Written By Dale Brown, 2010. Edited by Sarah Spira, 2022
The Peter Paul house is located on historic lot 14/ 15.
Peter Paul (b. 1811-d. 1861) followed his father’s trade as a furniture builder and craftsman, making clocks, looms, and coffins, among other things. In his later years he was listed as a jeweler.
Paul married Maria Meader (b. Peacham year? – d. 1900) of Newbury.
Peter built his home next to his furniture shop. Except for the kitchen and minor alterations, the house remains in its original state. The furniture shop was later remodeled into a store by Hosea Welch III.
Following his death in 1861, the Paul estate was bequeathed to his widow, Maria Paul, in January 1862. For almost a century, the house was owned by four generations of Pauls.
Maria Paul remarried twice: first in March of 1865 to George Mason (b. Scotland). After seven years of marriage he died of a kidney disease at the age of 72.
Maria’s third and last marriage was to Currier Sanborn (b. New Hampshire-1900, epilepsy), in February 1883.
Between 1883 and 1890 the information on deed transfers is a little unclear. Town records show that Mrs. Maria (Paul) Sanborn owed back taxes and the house and land were sold by the town to B.L Clark and H. B. Hall.
Maria and her husband had sold their home to Charles Bap in May of 1883 with the right to occupy as long as they lived. It is assumed that Charles Bap may have failed to pay the back taxes and lost his ownership of the property.
In 1890 Benjamin Heath purchased the land, along with the house, and deeded the estate to his daughter, Nellie Hadlock, Peter Paul’s granddaughter.
Helen Paul, Peter Paul’s daughter, married Walter Taisey. They had one child, Peter Paul Taisey. Walter died 6 months after his son’s birth.
Helen Paul was then married to Benjamin Franklin Heath. Benjamin built and operated a blacksmith shop next to the Peter Paul home, and also carried on his father in-law’s furniture trade. Helen and Benjamin’s first born child was named Nellie A. Heath, born in 1861.
Nellie Heath married John Hadlock. It appears that they moved into Maria (Paul) Sanborn’s house during Maria’s final years. Maria passed away in 1900.
Nellie and Mr. Hadlock had two children before they divorced. She continued to live in her grandmother’s home until her death in 1927.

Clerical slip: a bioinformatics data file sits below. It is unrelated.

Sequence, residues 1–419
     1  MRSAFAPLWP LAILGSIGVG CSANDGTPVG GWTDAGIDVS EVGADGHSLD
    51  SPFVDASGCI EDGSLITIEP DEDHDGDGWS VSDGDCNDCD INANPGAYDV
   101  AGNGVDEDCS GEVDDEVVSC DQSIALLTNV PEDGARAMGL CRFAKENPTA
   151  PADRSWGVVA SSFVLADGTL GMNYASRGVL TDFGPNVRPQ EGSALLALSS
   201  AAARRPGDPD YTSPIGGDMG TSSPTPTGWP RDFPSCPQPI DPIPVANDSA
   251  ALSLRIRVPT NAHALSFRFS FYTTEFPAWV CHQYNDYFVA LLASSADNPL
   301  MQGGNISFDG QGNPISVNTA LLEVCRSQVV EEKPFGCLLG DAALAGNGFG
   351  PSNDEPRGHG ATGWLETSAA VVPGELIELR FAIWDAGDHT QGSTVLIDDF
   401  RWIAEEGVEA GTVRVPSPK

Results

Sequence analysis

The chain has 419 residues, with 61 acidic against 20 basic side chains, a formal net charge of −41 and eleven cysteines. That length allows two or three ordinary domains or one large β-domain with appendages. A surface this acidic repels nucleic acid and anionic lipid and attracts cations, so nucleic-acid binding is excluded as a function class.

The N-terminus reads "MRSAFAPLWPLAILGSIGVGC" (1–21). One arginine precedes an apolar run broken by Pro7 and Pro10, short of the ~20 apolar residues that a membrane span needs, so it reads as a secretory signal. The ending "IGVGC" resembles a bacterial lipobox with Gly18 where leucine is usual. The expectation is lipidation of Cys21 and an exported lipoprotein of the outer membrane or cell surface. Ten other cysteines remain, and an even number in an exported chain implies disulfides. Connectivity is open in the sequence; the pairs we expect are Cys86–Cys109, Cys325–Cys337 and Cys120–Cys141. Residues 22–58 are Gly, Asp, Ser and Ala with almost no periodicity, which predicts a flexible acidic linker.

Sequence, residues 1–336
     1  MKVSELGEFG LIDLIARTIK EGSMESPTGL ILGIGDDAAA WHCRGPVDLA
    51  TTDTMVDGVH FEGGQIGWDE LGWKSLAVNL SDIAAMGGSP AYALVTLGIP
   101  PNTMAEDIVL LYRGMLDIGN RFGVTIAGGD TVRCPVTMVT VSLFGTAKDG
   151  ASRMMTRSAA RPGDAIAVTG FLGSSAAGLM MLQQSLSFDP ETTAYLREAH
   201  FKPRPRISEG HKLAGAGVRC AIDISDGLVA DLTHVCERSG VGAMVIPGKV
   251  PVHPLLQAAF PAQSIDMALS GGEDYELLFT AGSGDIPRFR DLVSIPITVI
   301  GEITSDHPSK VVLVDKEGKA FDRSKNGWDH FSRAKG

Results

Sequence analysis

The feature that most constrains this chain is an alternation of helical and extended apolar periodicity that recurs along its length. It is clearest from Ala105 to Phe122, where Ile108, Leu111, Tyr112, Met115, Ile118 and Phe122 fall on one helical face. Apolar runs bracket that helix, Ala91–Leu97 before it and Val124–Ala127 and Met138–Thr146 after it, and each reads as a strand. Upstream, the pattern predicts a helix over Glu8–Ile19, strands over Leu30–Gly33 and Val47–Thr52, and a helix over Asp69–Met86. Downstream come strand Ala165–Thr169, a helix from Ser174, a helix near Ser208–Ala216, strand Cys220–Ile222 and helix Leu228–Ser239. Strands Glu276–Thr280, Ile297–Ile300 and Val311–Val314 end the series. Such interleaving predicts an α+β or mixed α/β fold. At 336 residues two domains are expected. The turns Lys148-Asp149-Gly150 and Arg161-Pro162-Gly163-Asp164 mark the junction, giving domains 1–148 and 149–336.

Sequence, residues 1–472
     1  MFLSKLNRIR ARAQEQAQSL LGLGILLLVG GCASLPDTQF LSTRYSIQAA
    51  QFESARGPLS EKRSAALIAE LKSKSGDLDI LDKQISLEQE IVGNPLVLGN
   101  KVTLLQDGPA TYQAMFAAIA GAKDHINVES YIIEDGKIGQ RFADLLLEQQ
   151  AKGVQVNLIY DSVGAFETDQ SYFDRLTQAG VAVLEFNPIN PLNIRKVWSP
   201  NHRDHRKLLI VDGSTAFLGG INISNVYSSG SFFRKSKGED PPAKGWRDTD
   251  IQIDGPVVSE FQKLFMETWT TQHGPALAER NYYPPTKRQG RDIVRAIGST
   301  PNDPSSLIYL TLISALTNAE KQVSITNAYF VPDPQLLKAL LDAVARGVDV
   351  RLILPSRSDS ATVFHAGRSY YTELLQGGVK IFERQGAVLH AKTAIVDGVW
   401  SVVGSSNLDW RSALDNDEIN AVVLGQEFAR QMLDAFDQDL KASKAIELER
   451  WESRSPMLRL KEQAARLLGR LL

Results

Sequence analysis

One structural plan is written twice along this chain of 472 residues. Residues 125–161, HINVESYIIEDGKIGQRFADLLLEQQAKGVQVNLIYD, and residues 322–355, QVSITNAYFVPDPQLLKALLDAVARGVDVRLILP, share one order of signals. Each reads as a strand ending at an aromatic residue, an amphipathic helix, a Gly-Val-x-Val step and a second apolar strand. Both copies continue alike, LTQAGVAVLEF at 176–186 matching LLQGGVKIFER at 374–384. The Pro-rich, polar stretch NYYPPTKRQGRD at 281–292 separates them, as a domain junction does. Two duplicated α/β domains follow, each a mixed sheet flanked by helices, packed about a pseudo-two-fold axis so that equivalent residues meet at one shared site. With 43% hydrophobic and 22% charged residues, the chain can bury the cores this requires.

Mrs. Nellie Hadlock was the Librarian of Groton from (when to when), and used the west side of her home for the Groton Public Library.
Nellie Hadllock’s son, Ray Hadlock, was bequeathed the western half of he house, consisting of the parlor and the back bedroom. Her daughter, Minnie O’Brien, was left with the kitchen, living room, and all the chambers upstairs. The rest of the estate is not mentioned.
In the 20th century, the property was transferred 9 times.
In 1900 the blacksmith shop became the home of George Millis.
In 1936, Normal and Helen Achilles purchased the Peter Paul house and land. The Achilleses established an auto repair shop and Studebaker dealership. They converted the shed into a garage that extended towards the street. The kitchen was foreshortened to increase the garage width.
1941: The house, and business were sold to Harry M. Day.
1942: With Mrs. Day’s sudden death, the estate was bequeathed to her four children; who lived in the states of Washington, Delaware, Pennsylvania, and Ohio.
Nelson and Francis (Day) Hooper of Youngstown, Ohio purchased the interest from the other children/siblings and retained title for the entire estate.
October 1955: Francis (Day) Hooper, Nelson’s Widow, deeded the Peter Paul house to Robert and Irma Jones.
September 1966: Robert Jones, the surviving widower, deeded the premises to Carrolll Ricker.
October 1966: The property was conveyed to Julius and Cynthia Tueckhardt.
August 1967: Buildings and land were purchased by Rynold Moulton for an antique shop. October 1968 or 78: the estate was conveyed by Quit-Claim to include his daughter and son-in- law, Grace and Roland Greenwood.
The Peter Paul House became the property of The Groton Historical Society in September of 1984.